From Kazakhstan With Love: A Lesson in Multipolarity
Then, on Jan. 19, three weeks into the dispute, Kazakhstan stepped in with a game-changing offer. It said that if Russia refuses to provide oil to the Belarussian refineries, it would be happy to take Moscow’s place. The Kazakhs also said they would be willing to buy a stake in Belarus’ Naftan refinery, which Russia’s largest oil companies have coveted. “The demands of Belarussian refineries will be filled by Kazakh oil,” said Anatoly Smirnov, Kazakhstan’s ambassador to Belarus, adding that the two nations’ presidents had already discussed the idea and “no one has refused.”
In most parts of the world, this would seem like a completely normal arrangement for two countries to make. But this is Russia’s backyard. And Moscow, which has yet to react to the Kazakh offer, may not take too kindly to two of its former republics striking an energy deal behind its back. The offer demonstrates, however, that many ex-Soviet states might not care anymore if they anger their former benefactor. A sense of defiance has grown in the region since the Russia-Georgia war, which proved that Moscow would not stop at economic bullying in its efforts to maintain influence over its neighbors.
In a multipolar world, every push by a country creates if not an equal and opposite reaction, at least some pushback from another country or countries.
For all the neocon fear of a resurgent Russia destroying democracy in the region, we see Russia’s actions are pissing off former allies and causing them to move in their own direction–as they too begin to acclimate themselves to a globalized, multipolar environment. Belarussian leader Alexander Lukashenko is still a hardline dictator and it’s not like Kazakhstan is some bastion of liberal democracy. They aren’t all of a sudden “good guys” (whatever that means) and we’re certainly not looking at a zero-sum game whereby Belaruss and Kazahkstan are on the US side just because they are quarreling with Russia.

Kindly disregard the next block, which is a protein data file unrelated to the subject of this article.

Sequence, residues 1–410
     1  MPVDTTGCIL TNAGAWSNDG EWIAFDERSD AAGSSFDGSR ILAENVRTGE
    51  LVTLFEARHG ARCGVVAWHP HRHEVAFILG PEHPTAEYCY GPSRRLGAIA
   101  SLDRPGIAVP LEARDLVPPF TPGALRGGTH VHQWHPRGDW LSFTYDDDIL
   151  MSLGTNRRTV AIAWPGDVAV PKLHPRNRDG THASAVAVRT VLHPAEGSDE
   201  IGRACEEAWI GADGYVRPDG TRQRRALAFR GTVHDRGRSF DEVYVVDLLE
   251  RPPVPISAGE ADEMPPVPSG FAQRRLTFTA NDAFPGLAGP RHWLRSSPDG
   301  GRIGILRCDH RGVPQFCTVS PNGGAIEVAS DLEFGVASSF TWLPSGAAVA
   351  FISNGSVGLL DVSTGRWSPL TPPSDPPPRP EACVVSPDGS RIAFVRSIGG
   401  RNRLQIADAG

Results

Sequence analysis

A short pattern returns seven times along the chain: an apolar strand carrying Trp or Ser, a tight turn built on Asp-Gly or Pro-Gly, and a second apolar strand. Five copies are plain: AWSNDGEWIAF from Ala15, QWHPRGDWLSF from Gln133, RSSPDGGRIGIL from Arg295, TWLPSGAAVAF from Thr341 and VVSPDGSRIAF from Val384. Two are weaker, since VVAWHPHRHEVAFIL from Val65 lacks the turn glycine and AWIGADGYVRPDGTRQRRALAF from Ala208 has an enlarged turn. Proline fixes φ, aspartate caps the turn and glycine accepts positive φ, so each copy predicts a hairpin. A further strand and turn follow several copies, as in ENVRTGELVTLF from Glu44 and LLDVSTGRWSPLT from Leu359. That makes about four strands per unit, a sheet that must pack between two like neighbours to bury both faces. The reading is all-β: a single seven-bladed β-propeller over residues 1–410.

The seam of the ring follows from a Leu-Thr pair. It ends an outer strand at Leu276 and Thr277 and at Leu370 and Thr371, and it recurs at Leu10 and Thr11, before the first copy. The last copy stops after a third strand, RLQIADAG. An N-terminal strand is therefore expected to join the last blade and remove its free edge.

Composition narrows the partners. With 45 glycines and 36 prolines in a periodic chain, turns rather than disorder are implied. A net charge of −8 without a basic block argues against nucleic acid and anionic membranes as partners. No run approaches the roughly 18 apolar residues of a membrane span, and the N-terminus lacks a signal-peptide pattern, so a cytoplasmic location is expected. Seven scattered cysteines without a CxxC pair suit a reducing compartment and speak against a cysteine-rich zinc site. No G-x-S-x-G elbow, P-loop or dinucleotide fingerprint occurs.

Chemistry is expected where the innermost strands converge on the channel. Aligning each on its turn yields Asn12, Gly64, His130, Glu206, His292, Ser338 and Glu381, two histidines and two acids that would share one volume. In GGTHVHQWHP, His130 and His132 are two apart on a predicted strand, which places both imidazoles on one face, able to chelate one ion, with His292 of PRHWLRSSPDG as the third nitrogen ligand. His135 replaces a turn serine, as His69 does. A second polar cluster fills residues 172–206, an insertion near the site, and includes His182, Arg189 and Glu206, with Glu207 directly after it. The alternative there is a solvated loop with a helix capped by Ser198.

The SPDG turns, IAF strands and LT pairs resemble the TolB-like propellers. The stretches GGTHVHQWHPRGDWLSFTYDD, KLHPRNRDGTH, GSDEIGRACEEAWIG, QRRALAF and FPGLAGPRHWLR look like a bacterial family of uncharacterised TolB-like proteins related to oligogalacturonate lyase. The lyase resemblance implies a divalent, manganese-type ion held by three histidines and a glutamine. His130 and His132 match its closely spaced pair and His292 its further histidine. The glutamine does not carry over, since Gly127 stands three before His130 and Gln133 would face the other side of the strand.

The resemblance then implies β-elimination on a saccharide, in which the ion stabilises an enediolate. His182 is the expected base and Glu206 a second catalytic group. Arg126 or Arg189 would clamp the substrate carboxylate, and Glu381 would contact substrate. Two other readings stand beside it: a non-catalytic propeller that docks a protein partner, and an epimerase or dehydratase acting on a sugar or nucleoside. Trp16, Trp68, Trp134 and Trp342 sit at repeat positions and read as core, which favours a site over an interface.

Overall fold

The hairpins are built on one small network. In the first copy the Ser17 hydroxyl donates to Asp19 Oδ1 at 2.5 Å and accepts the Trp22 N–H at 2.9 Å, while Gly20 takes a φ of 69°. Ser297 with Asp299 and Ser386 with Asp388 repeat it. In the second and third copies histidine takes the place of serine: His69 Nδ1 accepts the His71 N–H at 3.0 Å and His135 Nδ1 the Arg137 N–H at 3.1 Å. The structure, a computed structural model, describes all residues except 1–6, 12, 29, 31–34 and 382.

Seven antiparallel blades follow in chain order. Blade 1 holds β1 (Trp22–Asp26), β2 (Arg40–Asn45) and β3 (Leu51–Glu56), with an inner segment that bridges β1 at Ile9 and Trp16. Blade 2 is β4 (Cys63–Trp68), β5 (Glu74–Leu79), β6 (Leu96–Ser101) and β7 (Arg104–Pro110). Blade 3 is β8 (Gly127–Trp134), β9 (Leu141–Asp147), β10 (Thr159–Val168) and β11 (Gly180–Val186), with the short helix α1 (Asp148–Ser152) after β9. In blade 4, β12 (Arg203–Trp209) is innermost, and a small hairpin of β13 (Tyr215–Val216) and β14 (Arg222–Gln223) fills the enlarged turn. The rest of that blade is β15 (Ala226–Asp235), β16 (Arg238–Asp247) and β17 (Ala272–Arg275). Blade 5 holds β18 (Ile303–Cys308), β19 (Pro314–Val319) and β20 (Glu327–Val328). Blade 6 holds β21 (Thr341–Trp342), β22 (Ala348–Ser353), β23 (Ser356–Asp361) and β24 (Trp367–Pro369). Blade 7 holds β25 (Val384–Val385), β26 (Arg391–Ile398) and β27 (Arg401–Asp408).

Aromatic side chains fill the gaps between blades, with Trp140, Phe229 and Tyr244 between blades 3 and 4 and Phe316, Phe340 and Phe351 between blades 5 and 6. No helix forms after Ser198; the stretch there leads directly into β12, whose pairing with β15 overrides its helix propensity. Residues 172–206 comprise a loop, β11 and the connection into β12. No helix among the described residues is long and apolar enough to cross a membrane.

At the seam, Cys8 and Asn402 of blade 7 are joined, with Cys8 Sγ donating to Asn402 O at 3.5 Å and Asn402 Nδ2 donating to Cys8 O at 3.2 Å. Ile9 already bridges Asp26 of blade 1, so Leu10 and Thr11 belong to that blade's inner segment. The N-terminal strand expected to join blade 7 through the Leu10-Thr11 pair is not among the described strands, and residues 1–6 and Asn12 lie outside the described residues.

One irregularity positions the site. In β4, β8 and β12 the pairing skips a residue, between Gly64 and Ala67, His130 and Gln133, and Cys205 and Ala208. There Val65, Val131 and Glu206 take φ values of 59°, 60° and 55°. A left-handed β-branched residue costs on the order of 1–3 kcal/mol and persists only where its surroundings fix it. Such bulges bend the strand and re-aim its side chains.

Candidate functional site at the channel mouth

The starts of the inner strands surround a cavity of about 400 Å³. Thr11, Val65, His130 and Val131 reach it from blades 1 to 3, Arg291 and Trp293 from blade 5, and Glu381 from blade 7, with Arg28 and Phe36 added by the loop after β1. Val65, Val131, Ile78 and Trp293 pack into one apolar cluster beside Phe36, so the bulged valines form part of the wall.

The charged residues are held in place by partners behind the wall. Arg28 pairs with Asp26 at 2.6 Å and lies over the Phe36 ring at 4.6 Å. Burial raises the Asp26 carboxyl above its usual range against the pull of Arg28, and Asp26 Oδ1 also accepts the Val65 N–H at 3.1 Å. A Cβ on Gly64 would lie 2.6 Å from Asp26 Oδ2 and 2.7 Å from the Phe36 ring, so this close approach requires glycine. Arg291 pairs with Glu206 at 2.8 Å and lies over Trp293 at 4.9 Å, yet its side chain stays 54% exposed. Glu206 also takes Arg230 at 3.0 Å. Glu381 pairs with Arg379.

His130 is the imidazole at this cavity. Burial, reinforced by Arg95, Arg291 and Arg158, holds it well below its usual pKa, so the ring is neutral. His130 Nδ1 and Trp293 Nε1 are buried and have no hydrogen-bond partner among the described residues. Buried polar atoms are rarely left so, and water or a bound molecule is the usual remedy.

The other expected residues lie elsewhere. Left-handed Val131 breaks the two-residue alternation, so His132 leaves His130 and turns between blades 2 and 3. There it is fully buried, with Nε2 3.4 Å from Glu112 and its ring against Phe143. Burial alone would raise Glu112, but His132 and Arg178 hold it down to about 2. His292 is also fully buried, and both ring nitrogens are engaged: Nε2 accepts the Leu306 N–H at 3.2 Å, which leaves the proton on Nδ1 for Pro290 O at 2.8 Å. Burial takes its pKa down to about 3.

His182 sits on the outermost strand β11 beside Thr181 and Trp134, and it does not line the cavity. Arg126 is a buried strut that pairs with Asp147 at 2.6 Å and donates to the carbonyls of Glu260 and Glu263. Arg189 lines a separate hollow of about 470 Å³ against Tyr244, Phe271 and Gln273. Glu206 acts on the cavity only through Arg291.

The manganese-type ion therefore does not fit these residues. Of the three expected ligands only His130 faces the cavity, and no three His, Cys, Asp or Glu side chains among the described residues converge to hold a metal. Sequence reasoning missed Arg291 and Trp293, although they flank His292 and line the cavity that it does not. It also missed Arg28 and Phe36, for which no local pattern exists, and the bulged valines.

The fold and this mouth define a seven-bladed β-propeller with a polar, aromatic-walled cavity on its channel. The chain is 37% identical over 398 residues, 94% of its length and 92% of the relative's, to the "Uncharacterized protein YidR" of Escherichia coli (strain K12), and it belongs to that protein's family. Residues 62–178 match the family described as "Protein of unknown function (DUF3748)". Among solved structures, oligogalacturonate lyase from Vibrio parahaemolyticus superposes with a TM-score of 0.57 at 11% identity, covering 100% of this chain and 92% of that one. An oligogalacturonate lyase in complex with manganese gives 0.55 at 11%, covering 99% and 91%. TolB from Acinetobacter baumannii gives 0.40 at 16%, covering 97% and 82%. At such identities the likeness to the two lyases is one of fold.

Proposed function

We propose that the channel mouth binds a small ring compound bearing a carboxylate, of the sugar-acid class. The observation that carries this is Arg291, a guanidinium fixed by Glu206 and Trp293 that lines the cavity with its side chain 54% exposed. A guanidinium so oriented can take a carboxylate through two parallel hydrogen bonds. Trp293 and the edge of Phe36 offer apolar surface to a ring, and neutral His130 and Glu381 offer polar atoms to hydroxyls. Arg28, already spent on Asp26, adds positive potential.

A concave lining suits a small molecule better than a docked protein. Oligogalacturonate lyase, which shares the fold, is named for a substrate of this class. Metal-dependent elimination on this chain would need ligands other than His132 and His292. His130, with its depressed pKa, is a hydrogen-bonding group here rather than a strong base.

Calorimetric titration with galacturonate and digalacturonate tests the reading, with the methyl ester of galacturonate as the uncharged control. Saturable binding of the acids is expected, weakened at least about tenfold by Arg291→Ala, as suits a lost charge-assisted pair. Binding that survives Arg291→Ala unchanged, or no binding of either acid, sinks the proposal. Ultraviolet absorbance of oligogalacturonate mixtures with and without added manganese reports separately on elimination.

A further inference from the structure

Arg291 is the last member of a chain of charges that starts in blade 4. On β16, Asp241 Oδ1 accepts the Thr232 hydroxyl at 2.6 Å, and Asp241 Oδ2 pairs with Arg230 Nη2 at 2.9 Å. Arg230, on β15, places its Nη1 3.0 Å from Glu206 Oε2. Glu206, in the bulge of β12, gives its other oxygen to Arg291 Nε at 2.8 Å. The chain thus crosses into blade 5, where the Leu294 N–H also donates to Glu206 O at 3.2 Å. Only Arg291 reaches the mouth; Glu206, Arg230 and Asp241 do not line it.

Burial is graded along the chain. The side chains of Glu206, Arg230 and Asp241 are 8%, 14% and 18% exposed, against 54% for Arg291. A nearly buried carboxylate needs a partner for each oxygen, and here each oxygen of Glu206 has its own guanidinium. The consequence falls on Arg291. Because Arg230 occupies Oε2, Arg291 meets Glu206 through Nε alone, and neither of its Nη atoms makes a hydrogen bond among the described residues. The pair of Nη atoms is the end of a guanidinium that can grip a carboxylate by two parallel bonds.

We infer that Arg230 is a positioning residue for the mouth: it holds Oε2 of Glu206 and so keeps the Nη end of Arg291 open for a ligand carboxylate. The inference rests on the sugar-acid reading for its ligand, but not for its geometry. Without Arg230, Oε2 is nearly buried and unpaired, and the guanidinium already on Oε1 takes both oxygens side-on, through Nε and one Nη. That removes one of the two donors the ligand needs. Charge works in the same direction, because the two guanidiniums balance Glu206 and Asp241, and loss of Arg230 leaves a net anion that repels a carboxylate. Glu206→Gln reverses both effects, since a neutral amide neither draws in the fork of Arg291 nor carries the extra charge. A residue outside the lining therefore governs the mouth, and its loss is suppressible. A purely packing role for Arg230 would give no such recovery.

This is why narratives that sharply divide the world into autocracy versus freedom (a la R. Kagan) lack this kind of nuance. According to that framework, Kazakhstan, Belarus, and Russia all exist on the autocracy side of the ledger. In theory then they should all be aligned with one another. Schuster’s article also mentions Georgia – so what about them? From a neoconservative perspective, they are the great beacon of democratic light in that area of the world. Never mind that Georgian President Saakashvili (the great democratic leader in this formulation) instituted a media blackout and a state of emergency while heavy-handedly crushing protests.*
Nor does it make sense to see everything through a US-centric (in this case Afghanistan-centric or War on Terror-centric) lens either. That approach would suggest we fully back Kazakhstan because they’ve supported us in the War on Terror and are now sticking it to Russia.
The more regional webs grow, the more every single actor becomes constrained. This reality applies to all countries. A more nimble US foreign policy would be willing to play both sides of the fence on an issue like this. The US could largely avoid this regional energy dispute while still working with Russia on a number of issues. Learning to play this type of multi-layered game is, I think, the only real way forward for a successful US foreign policy.
Every conflict is related to other regional conflicts and those to other global concerns. As Dan Drezner would say, All Politics is Global. Or all politics is simultaneously Local, Regional, and Global. No set of policies and actions is ever going to be perfectly good (from any of the vectors of analysis) given this state of affairs, which is particularly true when one considers the counter-push and law of unintended consequences with so many parties in play, each with relations to each other and to the whole. The kind of framework I have in mind for US policy thinks in terms of longer trajectories within countries and regions, and is willing to live with incompleteness instead of trying to impose some artificial scheme across the globe: e.g. The War on Terror or Democracy Promotion, “With us or Against us”, etc. If we refuse to adapt to a multipolar framework, US foreign policy becomes entirely reactive to situations on the ground, which are inevitably interpreted through these myopic, artificial narratives.
*The opposite of such a black and white worldview is not simply the deconstruction of black/white dichotomies and some leveling of preexisting distinctions, but rather one in which shades of grey become much more important.